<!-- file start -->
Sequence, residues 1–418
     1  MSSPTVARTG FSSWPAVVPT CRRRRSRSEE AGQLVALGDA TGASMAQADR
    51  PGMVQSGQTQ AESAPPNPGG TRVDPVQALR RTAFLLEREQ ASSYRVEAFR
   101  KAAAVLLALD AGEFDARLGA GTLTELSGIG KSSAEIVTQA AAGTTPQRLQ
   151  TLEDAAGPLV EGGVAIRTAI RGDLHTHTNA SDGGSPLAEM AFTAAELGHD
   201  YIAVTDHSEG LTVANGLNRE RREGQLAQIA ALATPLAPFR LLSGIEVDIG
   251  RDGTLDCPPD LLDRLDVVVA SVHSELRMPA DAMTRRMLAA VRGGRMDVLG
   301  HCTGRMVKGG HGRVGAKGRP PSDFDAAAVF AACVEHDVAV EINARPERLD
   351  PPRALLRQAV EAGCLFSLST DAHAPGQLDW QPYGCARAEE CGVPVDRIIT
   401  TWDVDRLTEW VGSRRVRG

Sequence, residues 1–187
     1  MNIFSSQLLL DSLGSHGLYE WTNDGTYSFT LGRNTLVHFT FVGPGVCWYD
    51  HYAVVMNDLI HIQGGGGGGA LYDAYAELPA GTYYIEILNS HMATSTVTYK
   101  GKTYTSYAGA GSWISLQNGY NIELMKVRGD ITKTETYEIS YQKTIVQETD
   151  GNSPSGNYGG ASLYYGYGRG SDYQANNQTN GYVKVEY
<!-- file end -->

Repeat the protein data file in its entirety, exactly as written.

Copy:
Sequence, residues 1–418
     1  MSSPTVARTG FSSWPAVVPT CRRRRSRSEE AGQLVALGDA TGASMAQADR
    51  PGMVQSGQTQ AESAPPNPGG TRVDPVQALR RTAFLLEREQ ASSYRVEAFR
   101  KAAAVLLALD AGEFDARLGA GTLTELSGIG KSSAEIVTQA AAGTTPQRLQ
   151  TLEDAAGPLV EGGVAIRTAI RGDLHTHTNA SDGGSPLAEM AFTAAELGHD
   201  YIAVTDHSEG LTVANGLNRE RREGQLAQIA ALATPLAPFR LLSGIEVDIG
   251  RDGTLDCPPD LLDRLDVVVA SVHSELRMPA DAMTRRMLAA VRGGRMDVLG
   301  HCTGRMVKGG HGRVGAKGRP PSDFDAAAVF AACVEHDVAV EINARPERLD
   351  PPRALLRQAV EAGCLFSLST DAHAPGQLDW QPYGCARAEE CGVPVDRIIT
   401  TWDVDRLTEW VGSRRVRG

Sequence, residues 1–187
     1  MNIFSSQLLL DSLGSHGLYE WTNDGTYSFT LGRNTLVHFT FVGPGVCWYD
    51  HYAVVMNDLI HIQGGGGGGA LYDAYAELPA GTYYIEILNS HMATSTVTYK
   101  GKTYTSYAGA GSWISLQNGY NIELMKVRGD ITKTETYEIS YQKTIVQETD
   151  GNSPSGNYGG ASLYYGYGRG SDYQANNQTN GYVKVEY